Court of Appeal Strictly Applies CPRA “Public Records” Definition; Agencies Not Required to Seek Outside Information
On December 19, 2013, the California Court of Appeal held that a public agency is not required under the California Public Records Act (“CPRA”) to seek records it does not prepare, own, use, or retain in the conduct of its business. In Regents of the University of California v. Superior Court, the Court of Appeal overturned a trial court decision requiring the University of California (“UC”) to use “objectively reasonable efforts” to obtain individual investment fund information from private equity firms with which UC had made investments.
In 2011, the news agency Reuters requested individual fund information regarding UC’s investments with three private equity firms. UC administrators made clear that, other than information disclosed about one fund prior to 2003, and other information already available on UC’s website, UC had no additional individual fund data. In response, in January 2012, Reuters filed a petition for a writ of mandate requesting the fund information. In February 2013, the trial court issued an order finding that, although UC did not prepare, own, use, or retain individual investment fund information, UC had an obligation to make reasonable efforts to obtain the information.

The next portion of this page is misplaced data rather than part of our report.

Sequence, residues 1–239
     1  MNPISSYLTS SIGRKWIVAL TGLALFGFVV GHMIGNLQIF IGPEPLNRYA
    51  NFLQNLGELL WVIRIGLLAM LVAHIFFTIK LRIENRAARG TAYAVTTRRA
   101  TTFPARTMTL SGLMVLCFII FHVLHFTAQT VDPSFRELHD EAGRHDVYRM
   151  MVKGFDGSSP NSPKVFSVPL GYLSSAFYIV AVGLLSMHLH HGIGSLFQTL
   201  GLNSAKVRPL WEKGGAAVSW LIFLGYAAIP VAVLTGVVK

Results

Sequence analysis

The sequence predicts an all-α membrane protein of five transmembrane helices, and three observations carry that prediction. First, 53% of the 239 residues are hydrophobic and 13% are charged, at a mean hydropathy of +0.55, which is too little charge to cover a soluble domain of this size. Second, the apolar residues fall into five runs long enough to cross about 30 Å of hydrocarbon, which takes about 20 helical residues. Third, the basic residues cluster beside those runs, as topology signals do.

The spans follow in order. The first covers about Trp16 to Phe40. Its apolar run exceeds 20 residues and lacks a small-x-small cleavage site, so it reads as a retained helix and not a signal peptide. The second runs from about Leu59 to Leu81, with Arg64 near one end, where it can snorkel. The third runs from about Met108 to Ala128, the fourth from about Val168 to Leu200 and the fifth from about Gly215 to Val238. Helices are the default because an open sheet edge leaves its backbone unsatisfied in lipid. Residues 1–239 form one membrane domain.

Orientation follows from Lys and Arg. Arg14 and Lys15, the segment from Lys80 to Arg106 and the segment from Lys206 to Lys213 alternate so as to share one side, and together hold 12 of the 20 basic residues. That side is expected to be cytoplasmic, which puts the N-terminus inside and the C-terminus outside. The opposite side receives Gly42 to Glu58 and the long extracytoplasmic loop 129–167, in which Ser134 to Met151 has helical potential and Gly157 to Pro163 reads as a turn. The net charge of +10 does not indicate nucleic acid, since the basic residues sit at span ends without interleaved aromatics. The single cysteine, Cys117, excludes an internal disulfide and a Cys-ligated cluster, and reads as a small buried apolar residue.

The Court of Appeal disagreed with the trial court’s decision. As the appellate court explained, UC has no obligation to obtain the information sought by Reuters because the information does not qualify as a “public record” under the plain language of the CPRA. If the document is not “prepared, owned, used, or retained” by the public agency, it is not a public record, even though the document may contain information relating to the conduct of the people’s business. Further, although the private equity firms may hold information of interest to the public, the firms themselves are not engaged in the public’s business and therefore are not subject to the CPRA.
In its decision, the Court further noted that the outcome would not excessively frustrate the CPRA’s purpose of enhancing governmental transparency; the individual fund information would become subject to the CPRA in the future if UC determined that it must obtain particular individual fund information to perform its fiduciary duty of prudently monitoring its investments.
For more information about this case, please contact Ruthann G. Ziegler at 800.464.3559.